YAMHILL COUNTY, Ore. — Yamhill County Board of Commissioners Chair Mary Starrett is on a mission. She wants the county to prohibit anyone from asking customers or employees about their vaccination status as a condition for allowing them inside without a mask.
The state issued a directive asking businesses that want to let people enter mask-free, to first ask them for proof of vaccination. That directive followed the Centers for Disease Control and Prevention’s recommendation that fully vaccinated people can now go mask-free in most public places.
“There should be no place in a free society for requiring private medical information as a condition for just operating in a free society,” said Starrett.
During Thursday’s Yamhill County Board of Commissioners meeting, Starrett asked board members to pass an ordinance making Yamhill County somewhat of a sanctuary from so-called “vaccine passports.” The board’s discussion included some concerns as to the legality and practicality of such an ordinance.
“If we adopt ordinances that are in conflict with state law, we run the risk of, in the event of a claim, not having insurance coverage,” cautioned Yamhill County counsel Christian Boenisch.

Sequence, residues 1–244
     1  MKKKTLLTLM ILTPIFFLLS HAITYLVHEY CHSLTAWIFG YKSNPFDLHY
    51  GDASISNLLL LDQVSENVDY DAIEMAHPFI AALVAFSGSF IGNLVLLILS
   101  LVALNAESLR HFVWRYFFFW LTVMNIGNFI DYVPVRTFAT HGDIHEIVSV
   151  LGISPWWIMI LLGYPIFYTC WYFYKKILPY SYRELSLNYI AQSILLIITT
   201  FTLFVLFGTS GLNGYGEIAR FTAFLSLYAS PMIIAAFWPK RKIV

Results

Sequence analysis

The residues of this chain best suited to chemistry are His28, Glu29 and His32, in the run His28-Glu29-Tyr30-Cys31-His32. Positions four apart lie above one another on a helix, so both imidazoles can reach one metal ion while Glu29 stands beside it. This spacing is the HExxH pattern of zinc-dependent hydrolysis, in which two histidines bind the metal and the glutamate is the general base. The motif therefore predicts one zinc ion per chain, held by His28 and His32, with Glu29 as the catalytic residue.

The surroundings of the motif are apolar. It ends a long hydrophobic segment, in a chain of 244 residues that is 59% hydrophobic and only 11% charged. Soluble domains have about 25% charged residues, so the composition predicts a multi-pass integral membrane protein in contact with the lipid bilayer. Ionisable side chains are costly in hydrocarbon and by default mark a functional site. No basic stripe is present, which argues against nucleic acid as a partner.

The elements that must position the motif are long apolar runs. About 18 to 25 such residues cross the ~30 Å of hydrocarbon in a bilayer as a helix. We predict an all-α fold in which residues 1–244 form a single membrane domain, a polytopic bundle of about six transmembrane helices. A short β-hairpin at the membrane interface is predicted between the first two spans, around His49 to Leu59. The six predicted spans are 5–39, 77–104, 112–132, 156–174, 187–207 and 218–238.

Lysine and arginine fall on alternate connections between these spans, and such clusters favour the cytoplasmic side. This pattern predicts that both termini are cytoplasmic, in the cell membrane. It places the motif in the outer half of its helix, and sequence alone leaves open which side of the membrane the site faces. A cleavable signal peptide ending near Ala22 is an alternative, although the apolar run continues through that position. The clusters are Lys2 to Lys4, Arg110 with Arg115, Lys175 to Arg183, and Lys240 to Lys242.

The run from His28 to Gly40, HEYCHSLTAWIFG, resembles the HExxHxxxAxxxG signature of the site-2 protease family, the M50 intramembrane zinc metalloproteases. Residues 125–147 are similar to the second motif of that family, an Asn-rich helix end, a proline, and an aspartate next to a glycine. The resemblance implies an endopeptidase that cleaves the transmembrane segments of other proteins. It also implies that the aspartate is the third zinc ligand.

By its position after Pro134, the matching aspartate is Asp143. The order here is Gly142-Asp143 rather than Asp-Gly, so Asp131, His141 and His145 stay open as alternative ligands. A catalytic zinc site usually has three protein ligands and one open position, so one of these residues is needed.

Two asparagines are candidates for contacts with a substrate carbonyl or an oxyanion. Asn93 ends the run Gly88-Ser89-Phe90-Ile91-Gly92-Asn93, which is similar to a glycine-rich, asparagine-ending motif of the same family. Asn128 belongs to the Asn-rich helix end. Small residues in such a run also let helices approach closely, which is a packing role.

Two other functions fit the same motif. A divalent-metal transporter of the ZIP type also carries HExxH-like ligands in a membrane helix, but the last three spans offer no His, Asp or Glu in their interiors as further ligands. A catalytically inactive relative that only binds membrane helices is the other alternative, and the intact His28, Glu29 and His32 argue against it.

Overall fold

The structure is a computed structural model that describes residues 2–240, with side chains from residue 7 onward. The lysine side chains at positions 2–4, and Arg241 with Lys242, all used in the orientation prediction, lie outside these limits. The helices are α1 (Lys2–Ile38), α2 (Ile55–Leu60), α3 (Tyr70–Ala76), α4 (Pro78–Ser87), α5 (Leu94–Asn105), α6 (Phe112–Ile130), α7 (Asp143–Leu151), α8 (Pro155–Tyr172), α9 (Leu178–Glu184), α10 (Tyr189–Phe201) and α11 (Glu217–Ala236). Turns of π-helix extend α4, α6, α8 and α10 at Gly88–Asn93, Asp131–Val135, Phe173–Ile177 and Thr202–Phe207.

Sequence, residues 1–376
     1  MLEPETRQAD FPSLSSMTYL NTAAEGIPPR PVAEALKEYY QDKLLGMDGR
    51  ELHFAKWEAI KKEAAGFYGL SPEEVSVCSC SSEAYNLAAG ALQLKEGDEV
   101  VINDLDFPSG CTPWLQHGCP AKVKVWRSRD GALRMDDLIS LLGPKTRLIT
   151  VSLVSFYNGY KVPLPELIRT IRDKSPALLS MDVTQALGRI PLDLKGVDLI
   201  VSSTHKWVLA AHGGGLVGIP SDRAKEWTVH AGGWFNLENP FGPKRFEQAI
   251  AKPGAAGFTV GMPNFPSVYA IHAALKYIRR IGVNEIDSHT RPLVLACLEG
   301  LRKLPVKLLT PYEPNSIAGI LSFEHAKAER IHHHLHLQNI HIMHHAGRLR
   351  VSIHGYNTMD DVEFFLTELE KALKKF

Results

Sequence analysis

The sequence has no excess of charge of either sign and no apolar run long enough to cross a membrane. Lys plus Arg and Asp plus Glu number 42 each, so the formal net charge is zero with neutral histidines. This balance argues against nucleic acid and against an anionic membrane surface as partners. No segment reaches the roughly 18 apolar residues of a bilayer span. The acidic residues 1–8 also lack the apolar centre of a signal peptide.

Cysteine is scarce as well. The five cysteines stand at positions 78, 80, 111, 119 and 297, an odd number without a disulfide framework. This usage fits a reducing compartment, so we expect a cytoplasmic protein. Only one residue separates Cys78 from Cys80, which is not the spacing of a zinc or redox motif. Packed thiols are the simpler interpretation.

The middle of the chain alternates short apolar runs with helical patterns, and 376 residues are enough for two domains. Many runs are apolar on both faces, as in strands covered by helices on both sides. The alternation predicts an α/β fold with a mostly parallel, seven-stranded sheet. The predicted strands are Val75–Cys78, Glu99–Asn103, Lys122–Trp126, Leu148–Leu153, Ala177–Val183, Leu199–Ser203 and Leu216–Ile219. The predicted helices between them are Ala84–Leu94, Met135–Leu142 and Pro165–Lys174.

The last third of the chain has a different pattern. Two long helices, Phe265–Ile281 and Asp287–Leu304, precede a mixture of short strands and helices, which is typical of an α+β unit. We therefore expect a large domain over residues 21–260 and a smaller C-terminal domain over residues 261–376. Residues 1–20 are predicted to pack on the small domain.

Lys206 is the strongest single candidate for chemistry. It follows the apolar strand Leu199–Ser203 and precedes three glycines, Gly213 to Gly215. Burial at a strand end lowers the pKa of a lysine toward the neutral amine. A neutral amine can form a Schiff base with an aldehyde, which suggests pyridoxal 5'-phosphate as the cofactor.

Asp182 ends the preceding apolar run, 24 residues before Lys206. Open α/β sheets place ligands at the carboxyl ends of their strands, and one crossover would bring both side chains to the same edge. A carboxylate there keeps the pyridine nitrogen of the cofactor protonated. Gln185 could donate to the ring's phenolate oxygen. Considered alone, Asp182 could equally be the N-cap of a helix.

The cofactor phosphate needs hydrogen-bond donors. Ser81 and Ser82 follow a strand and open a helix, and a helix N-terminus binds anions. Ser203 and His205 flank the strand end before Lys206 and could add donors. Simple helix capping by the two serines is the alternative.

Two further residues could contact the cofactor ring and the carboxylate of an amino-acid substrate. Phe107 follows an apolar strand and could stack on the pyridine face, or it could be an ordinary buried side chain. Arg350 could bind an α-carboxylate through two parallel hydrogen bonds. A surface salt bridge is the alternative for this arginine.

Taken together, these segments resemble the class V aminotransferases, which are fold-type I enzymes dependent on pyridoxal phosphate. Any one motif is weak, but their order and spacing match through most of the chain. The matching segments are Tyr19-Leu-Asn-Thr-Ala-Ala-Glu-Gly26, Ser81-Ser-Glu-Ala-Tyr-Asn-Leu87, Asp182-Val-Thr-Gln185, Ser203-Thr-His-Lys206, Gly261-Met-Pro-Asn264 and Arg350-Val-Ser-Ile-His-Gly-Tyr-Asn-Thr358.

Starrett suggested that that concern is not the biggest issue at stake.
“You know it's a risk, but somebody's got to say at some point, enough is enough,” Starrett told KGW. “I would rather go to the mat any day to stand up for those basic freedoms that we're now seeing destroyed at every turn."
Many business owners are frustrated by the state placing the burden of checking for vaccine proof on them. Some have fielded threats from customers, others, just a lot of frustration.
“We're not the vaccine police and we trust our customers,” said Haley Rogers, co-owner of Real Deals on Home Décor in McMinnville. Rogers said store employees ask that people who have not been vaccinated, wear masks inside. Those who have been vaccinated, don't need to. Those policies are posted around the store and on social media.
“As people walk in the door, we're not asking for vaccination cards and checking it against IDs," said Rogers. “We're trusting people are making the right choice for themselves and for others.”
Rogers said she’d be neutral on an ordinance that would ban people from asking about vaccine status, but would appreciate that it had a defined directive.
“With everything being so undefined, it makes our job so much harder as a business owner in a pandemic that's already so hard,” she said.
For at least the next week, the board will look at possible legal sticking points in the ordinance and what they might have to change in the draft before voting.
“What I'd like to make sure happens at least,” said Starrett, “Is that county employees know they can come to work without being asked, ‘Your papers, please,’ like something out of the Third Reich.”